OLED Efficiency Surpasses Fluorescent Tubes
White record OLEDs of Dresden University and Novaled surpass efficiency of fluorescent tubes
The Technical University of Dresden and Novaled AG have reached 90 lm/W at a brightness of 1,000 cd/m2 for a real lighting device and even 124 lm/W when using a 3D light extraction system.
White organic light-emitting diodes (OLEDs) are a promising new technology to become the next generation light source. They have the potential of much higher efficiencies than classical lighting sources. Due to their unique features and attractive appearance white OLEDs will have a striking impact on the lighting industry. These ultra-thin large-area-emitting devices can be flexible, transparent, color-tunable and scaled to virtually any size or shape enabling completely new ways for lighting designers. In terms of power efficiency, fluorescent tubes are a benchmark for emerging technologies with some 50-70 lm/W (considering losses in reflectors). With the latest OLED record values of the Dresden University of Technology and Novaled AG closely cooperating in this project, this benchmark was clearly surpassed.
“In our approach, we combine a novel, very energy efficient emission layer design with improved light outcoupling concepts, leading to this breakthrough” says project leader Sebastian Reineke, Physicist at Institute of Applied Photophysics (IAPP, TU Dresden). “The power efficiencies of the record devices reach 90 lm/W even if only flat, scalable outcoupling techniques are used. With special 3D outcoupling measures, even 124 lm/W have been achieved.” Both values were determined in an integrating sphere with blocked substrate edges, only taking the light into account that is emitted to the forward hemisphere, CIE color coordinates are (0.41/0.49). An in depth article is published in today’s highly esteemed research journal ‘nature’.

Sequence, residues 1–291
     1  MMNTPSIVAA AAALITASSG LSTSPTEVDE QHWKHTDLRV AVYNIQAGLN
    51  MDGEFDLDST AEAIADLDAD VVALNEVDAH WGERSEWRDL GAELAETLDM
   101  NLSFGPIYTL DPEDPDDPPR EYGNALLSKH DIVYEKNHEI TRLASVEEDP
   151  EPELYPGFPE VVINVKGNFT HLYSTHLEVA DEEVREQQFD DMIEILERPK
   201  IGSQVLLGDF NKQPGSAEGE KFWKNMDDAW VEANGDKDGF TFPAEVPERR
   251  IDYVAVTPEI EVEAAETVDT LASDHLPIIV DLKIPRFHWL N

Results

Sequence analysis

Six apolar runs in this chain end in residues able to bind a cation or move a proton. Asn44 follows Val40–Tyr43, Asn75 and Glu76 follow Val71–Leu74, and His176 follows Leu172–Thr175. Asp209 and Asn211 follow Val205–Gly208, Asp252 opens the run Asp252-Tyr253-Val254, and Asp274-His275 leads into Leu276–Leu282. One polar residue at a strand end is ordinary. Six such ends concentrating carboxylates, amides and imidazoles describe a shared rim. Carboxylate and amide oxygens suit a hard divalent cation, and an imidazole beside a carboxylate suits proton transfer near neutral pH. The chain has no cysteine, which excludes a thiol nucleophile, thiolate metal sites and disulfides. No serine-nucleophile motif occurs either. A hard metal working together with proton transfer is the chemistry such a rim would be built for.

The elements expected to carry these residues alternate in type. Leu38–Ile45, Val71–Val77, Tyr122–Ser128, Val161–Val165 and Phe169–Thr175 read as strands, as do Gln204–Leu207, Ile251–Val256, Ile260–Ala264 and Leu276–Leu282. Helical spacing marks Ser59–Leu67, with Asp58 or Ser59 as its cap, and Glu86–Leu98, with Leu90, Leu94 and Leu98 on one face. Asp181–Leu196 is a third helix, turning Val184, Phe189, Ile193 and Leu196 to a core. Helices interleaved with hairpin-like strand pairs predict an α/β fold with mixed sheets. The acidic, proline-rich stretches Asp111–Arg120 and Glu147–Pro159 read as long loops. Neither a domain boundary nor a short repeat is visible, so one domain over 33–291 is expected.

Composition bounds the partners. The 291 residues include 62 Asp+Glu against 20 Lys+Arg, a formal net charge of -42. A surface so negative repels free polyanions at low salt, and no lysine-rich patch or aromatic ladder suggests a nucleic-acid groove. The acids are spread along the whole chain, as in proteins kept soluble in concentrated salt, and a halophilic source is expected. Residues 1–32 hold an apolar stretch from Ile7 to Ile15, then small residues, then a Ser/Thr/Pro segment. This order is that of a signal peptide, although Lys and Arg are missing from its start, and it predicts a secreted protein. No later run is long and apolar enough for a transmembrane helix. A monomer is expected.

“The potential of the devices is obvious when one considers that even at the very high brightness of 5,000 cd/m2 a power efficiency of 74 lm/W is obtained,” comments Prof. Karl Leo, Director of IAPP. “Thus high-intensity illuminations at very high efficiencies are possible as well”.
“These results are at R&D level and further developments need to be made, e.g. for reaching commercially acceptable lifetime”, says Gildas Sorin, CEO of Novaled AG. “However, the values clearly indicate a major breakthrough and qualify OLEDs for mainstream lighting applications. The Novaled PIN OLED® technology is crucial, especially for combining high efficiencies with high-brightness data. White OLEDs soon will help to reduce our carbon footprint and the Novaled doping technology will play a key role in this development”, adds Sorin.
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